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The market need for objective neuropathy screening devices continues to grow rapidly, with Type 2 diabetes being diagnosed at an alarming rate. According to the Center for Disease Control (CDC), Type 2 currently diabetes affects in excess of 25 million people in the USA. In 2010 (latest statistics available), 1.9 million adults over the age of 20 were newly diagnosed. The CDC estimates that 35% of adults have prediabetes, totaling an additional 79 million Americans. The CDC further estimates annual USA medical treatment costs of $9B to $13B for diabetic foot ulcers and $3B for diabetic related amputations. Worldwide an estimated 382M people are living with diabetes. An early diagnosis of the disease is critical in establishing aggressive patient treatment regimens prior to the onset of diabetes with complications and minimizing risk of life threatening patient outcomes.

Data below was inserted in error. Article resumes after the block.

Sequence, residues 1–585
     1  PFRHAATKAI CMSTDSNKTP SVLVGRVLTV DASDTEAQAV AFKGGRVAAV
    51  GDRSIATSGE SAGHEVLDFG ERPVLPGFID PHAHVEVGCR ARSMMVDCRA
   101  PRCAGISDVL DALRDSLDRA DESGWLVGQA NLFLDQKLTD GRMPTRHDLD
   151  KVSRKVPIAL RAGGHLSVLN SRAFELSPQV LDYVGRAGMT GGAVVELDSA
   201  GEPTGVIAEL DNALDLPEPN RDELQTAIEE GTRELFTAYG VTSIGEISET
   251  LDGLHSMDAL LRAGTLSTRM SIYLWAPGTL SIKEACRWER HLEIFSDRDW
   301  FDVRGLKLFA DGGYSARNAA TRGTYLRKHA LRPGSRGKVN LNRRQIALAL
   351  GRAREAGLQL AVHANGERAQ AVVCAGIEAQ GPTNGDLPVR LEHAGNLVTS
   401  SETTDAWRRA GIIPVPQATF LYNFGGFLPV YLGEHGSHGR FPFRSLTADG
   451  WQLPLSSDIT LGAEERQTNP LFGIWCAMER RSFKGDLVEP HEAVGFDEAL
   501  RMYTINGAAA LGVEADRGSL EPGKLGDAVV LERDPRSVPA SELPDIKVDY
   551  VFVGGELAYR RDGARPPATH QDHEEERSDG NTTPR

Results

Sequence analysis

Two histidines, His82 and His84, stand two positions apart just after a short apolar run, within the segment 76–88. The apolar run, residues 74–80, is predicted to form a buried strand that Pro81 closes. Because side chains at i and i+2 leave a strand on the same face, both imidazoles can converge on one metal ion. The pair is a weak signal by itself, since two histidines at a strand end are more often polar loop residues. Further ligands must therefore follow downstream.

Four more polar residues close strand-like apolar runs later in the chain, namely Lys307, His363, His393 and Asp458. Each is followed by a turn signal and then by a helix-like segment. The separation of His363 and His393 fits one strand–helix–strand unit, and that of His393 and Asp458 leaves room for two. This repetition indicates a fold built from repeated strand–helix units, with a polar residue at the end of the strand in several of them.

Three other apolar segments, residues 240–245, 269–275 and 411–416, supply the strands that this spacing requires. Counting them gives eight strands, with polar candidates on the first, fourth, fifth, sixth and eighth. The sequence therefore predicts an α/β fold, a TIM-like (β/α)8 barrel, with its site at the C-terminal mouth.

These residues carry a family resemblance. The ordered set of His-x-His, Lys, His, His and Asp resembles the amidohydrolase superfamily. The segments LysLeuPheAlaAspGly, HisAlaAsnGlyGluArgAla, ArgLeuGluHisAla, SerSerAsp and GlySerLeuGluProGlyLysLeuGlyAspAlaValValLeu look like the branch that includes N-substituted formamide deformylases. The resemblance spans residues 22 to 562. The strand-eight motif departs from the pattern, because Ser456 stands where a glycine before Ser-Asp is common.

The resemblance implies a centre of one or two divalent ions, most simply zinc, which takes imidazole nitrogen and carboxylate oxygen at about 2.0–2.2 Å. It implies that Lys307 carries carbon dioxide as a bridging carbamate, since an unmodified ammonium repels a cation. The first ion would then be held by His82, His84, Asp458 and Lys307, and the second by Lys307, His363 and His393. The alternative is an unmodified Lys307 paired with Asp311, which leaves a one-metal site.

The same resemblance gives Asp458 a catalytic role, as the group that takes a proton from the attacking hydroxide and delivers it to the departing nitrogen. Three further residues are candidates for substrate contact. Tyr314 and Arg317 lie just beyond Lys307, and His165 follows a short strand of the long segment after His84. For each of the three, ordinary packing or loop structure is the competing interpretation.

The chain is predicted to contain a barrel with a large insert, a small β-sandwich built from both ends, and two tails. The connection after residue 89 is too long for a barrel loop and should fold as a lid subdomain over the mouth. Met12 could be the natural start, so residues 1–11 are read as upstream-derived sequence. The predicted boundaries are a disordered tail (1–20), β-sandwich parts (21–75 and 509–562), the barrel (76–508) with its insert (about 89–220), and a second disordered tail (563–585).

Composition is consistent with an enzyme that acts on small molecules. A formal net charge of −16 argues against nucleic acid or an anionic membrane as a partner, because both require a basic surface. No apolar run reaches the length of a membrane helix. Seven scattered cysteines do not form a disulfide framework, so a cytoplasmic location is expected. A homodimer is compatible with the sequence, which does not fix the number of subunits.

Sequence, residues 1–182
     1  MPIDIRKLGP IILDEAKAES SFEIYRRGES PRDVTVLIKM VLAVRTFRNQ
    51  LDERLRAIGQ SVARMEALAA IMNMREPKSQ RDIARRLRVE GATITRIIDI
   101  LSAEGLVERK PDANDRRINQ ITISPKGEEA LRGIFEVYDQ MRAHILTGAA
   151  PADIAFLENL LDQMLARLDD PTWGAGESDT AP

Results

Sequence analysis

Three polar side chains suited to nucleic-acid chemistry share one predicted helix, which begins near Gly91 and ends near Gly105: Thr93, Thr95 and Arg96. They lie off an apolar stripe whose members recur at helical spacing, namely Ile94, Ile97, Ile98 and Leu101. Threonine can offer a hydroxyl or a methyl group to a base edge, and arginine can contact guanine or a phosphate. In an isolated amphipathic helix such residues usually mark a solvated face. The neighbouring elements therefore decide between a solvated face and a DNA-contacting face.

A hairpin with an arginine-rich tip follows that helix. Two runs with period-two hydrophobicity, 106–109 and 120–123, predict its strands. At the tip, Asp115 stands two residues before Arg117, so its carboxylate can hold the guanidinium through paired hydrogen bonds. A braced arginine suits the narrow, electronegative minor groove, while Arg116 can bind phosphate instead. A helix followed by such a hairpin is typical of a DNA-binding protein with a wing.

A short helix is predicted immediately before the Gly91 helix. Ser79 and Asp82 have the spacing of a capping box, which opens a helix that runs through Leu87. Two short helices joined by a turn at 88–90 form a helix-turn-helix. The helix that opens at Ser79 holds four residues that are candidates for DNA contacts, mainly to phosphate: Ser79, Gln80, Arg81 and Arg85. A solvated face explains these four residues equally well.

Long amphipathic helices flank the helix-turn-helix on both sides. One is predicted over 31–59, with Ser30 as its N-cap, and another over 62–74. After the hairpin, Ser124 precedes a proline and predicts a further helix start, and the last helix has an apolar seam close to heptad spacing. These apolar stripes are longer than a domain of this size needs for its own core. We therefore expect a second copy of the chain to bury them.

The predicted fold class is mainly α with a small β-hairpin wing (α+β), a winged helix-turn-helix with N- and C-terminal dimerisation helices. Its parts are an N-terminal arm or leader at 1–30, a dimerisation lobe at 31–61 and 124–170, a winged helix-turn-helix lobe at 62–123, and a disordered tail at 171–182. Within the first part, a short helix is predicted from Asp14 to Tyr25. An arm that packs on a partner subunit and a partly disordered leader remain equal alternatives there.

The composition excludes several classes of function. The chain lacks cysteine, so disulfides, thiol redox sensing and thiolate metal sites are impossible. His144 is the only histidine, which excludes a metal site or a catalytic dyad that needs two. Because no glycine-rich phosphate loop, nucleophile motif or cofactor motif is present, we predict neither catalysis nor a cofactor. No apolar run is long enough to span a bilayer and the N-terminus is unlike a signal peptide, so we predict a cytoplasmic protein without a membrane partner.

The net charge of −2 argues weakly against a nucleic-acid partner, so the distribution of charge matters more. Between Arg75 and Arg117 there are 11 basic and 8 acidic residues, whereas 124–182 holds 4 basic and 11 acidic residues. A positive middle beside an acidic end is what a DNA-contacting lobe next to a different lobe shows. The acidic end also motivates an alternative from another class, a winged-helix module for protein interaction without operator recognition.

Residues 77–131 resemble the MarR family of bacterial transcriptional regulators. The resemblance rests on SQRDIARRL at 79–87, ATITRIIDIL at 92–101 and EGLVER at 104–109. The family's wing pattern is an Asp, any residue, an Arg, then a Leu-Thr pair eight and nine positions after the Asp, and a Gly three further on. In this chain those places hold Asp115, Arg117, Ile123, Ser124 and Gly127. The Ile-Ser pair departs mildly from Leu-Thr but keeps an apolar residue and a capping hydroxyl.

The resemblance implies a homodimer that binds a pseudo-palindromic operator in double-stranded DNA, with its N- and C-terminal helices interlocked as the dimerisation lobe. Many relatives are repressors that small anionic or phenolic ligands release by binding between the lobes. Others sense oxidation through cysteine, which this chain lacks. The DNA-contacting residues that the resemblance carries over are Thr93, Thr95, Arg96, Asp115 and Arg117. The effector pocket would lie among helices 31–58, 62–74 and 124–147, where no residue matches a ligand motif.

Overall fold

The American Diabetes Association requires that all patients with diabetes must at a minimum receive an annual screening for neuropathy using temperature, vibration, pin prick or pressure sensation. Furthermore, the Affordable Care Act and health care insurance organizations now require electronic record keeping and, for patients with diabetes proof that diabetic foot exam was administered during each patient visit. The DND is uniquely positioned to meet each requirement by providing graded results that can be logged into the patient electronic records.

One of the five key areas of focus of The Affordable Care Act is diabetes. The Affordable Care Act places emphasis on a prevention model rather the acute care health reimbursement model that has been in place in the USA for decades. The main focus is to drastically reduce the need for admittance or re-admittance to hospitals for the treatment of preventable diseases. Prevention equates to better screening and early detection of potential life threatening diseases. The DND provides earliest possible screening detection and follows longitudinal changes in patients’ health while encouraging improved patient participation.